Employing bronze roller carriers having concavities that conform to the cylindrical shape of the rolling elements to space apart adjacent rollers ensures better lubrication of the rollers and raceway than is achievable with other shapes or designs of spacers or with other materials such as nylon or plastic. Bronze provides higher tensile and compressive strength than nylon or plastic and hence can withstand better the forces between rollers which are known to be extremely high in many circumstances. Conventional carriers or spacers which utilize plastic or nylon tend to flow under pressure or tension and permit misalignment and damage to the rollers and raceways. The inadequate design of existing spacers aggravates the latter problem. Bronze roller carriers heretofore have been used only on special high capacity standard bearings such as those for machine tools and have never been applied to a large slew ring bearing such as the one herein. Ordinarily, plastic or steel have been used in the latter application.
Distortion of the inner and outer rings becomes more serious as the ratio of ring height to wall thickness increases. By decreasing that ratio concurrent with increasing mounting bolt diameter a more rigid assembly is achieved.BRIEF DESCRIPTION OF THE DRAWINGS
The novel features believed characteristic of the invention are set forth in the appended claims. The invention itself, however, as well as other features and advantages thereof, will be best understood by reference to the detailed description which follows, read in conjunction with the accompanying drawings, wherein:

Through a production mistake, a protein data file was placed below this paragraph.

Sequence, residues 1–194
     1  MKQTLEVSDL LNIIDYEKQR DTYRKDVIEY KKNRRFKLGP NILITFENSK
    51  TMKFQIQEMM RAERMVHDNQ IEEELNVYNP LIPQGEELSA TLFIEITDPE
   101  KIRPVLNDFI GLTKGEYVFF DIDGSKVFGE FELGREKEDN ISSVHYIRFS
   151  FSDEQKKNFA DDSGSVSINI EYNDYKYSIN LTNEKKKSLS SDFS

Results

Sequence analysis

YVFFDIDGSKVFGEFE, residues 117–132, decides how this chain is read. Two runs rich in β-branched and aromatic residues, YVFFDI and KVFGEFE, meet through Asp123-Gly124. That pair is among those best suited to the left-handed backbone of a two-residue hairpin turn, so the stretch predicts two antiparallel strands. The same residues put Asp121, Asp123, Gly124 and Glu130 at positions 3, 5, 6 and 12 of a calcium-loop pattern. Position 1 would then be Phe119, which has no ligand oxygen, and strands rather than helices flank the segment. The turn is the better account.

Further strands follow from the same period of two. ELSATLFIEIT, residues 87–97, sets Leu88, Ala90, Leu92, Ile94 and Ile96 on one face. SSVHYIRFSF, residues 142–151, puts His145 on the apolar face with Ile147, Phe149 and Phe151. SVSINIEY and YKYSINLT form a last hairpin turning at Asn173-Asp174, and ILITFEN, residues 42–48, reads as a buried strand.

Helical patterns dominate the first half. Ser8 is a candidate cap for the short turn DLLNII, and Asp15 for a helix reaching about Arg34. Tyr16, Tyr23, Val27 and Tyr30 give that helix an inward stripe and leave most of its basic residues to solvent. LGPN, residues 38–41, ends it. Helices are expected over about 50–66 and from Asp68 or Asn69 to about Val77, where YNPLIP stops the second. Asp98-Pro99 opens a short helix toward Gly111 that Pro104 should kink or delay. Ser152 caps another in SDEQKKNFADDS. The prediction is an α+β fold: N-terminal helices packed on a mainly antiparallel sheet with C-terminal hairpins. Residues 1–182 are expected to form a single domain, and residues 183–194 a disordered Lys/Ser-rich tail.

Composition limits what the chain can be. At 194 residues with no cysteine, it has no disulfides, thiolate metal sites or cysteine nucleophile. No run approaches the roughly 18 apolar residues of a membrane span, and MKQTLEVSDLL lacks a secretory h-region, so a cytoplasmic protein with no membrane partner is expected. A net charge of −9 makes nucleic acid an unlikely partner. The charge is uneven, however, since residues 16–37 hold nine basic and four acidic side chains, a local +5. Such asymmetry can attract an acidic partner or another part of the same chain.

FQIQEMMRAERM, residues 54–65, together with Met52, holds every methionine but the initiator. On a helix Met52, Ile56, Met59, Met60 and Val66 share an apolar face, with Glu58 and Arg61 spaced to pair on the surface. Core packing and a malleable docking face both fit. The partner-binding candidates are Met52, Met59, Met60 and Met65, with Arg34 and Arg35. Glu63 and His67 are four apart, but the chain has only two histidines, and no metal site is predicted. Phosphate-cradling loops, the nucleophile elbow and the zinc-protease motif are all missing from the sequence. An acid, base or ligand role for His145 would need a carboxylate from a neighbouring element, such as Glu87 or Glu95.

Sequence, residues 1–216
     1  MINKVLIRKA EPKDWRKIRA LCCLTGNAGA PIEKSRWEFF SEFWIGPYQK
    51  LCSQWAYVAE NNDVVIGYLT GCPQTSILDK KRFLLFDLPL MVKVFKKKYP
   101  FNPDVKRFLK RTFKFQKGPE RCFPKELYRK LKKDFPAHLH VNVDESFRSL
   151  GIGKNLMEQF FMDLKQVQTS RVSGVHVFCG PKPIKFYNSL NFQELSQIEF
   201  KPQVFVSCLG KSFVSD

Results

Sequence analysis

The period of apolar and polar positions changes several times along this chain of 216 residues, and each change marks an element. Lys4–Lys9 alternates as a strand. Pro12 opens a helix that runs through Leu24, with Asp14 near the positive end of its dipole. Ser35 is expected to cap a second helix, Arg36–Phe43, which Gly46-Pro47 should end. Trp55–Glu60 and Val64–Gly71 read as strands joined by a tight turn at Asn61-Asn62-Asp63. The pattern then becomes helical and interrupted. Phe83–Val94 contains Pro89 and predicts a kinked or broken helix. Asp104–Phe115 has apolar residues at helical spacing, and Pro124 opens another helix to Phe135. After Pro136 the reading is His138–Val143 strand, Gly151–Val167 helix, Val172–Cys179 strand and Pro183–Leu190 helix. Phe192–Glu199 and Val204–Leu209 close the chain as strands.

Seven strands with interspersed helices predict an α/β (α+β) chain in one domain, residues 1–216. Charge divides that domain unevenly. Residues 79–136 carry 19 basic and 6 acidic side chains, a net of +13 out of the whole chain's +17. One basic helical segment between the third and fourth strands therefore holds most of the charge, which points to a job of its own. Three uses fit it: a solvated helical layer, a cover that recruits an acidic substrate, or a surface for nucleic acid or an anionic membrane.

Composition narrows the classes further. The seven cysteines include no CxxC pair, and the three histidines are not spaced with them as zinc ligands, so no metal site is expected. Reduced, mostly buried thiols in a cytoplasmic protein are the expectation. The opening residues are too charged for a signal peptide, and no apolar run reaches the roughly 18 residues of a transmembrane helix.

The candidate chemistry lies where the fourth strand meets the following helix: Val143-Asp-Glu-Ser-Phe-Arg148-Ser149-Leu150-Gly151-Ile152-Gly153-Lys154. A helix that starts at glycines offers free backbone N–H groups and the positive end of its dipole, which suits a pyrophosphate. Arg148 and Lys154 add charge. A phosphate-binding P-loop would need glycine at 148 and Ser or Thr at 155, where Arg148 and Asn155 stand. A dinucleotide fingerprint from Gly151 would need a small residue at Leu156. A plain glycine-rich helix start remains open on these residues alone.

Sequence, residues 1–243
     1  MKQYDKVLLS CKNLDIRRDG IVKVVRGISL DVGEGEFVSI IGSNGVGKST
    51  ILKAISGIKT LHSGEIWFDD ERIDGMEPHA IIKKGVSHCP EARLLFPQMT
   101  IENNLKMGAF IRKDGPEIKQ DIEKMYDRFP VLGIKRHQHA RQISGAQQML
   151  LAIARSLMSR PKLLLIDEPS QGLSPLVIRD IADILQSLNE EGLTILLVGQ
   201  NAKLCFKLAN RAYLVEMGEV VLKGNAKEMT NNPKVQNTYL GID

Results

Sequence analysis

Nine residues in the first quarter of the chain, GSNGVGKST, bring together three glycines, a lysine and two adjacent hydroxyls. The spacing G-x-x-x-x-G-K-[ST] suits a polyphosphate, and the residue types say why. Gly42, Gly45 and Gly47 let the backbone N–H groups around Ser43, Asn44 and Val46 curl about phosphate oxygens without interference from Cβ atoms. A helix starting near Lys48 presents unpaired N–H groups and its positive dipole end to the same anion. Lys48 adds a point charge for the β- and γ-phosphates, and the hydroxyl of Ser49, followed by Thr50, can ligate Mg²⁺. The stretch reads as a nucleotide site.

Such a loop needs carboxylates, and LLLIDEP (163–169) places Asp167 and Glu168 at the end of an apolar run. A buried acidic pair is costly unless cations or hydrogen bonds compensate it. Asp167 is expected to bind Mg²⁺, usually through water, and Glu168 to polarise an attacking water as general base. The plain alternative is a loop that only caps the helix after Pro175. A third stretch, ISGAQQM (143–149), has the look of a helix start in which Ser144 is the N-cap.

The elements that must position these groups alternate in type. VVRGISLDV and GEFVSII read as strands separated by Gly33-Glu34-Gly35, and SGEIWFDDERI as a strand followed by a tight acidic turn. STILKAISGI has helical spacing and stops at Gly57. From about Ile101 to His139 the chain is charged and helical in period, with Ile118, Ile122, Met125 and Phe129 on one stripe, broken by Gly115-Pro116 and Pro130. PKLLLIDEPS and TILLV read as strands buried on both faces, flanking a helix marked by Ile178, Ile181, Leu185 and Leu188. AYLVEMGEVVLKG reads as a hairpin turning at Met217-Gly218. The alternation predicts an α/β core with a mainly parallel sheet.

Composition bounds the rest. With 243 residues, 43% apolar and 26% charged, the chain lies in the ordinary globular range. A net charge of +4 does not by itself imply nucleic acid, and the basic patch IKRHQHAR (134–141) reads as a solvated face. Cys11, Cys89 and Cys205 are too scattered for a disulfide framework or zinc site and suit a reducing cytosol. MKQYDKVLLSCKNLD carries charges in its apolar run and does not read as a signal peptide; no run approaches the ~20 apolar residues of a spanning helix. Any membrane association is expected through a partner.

FIG. 1 is a perspective view of an excavator which uses a slew ring bearing to couple its superstructure to its base;
FIG. 2 is a perspective view of a slew ring bearing of conventional design;
FIG. 3 shows a cross-sectional view of the bearing of FIG. 2;
FIGS. 4A-4I show a few typical known bearing designs;
FIG. 5 is a cross sectional view of the bearing in accordance with a preferred embodiment of the invention;
FIG. 6 is a partial view showing the rollers and spacers;
FIG. 7 is a sectional view showing the inspection port for the upper row of rollers; and
FIG. 8 is an elevation view of the inspection port flange of the part of FIG. 6.DETAILED DESCRIPTION WITH REFERENCE TO THE DRAWINGS.
Referring to FIG. 1 there is shown a large excavator 10 having a base frame 14 supported by a pair of tractor treads 20. A superstructure 17 is supported on the base 14 and coupled thereto by a slew ring bearing 16. The superstructure 17 has an articulating boom 12 pivotally attached thereto and driven by hydraulic piston cylinders. At the distal end of boom 12 there is journalled a bucket 23. A counterweight 18 opposite the boom 12 offsets the weight of the latter. The superstructure 17 rotates while the base frame 14 is stationary.
Referring to FIG. 2 there is shown a slew ring bearing 16 presently in common use. The latter bearing consists of an inner ring 22 having a plurality of regularly spaced bolt holes 34 therethrough. On the cylindrical periphery there is cylindrical receptacle having three bearing surfaces two of which are horizontal and one of which is vertical. The inner ring 22 is concentric with and enclosed by an outer ring 24 having gear teeth 26 on its outer cylindrical perphery. A plurality of bolt holes 36 are also regularly spaced around the outer ring 24 extending from a top to a bottom surface thereof. The inner cylindrical surface of the outer ring 24 has an inwardly projecting cylindrical shoulder with 3 bearing surfaces thereon opposite to the corresponding three bearing surfaces on the inner ring 22 forming three roller bearing raceways for rollers 28, 30 and 32. Each roller is located in an opening within a box-shaped spacer 33.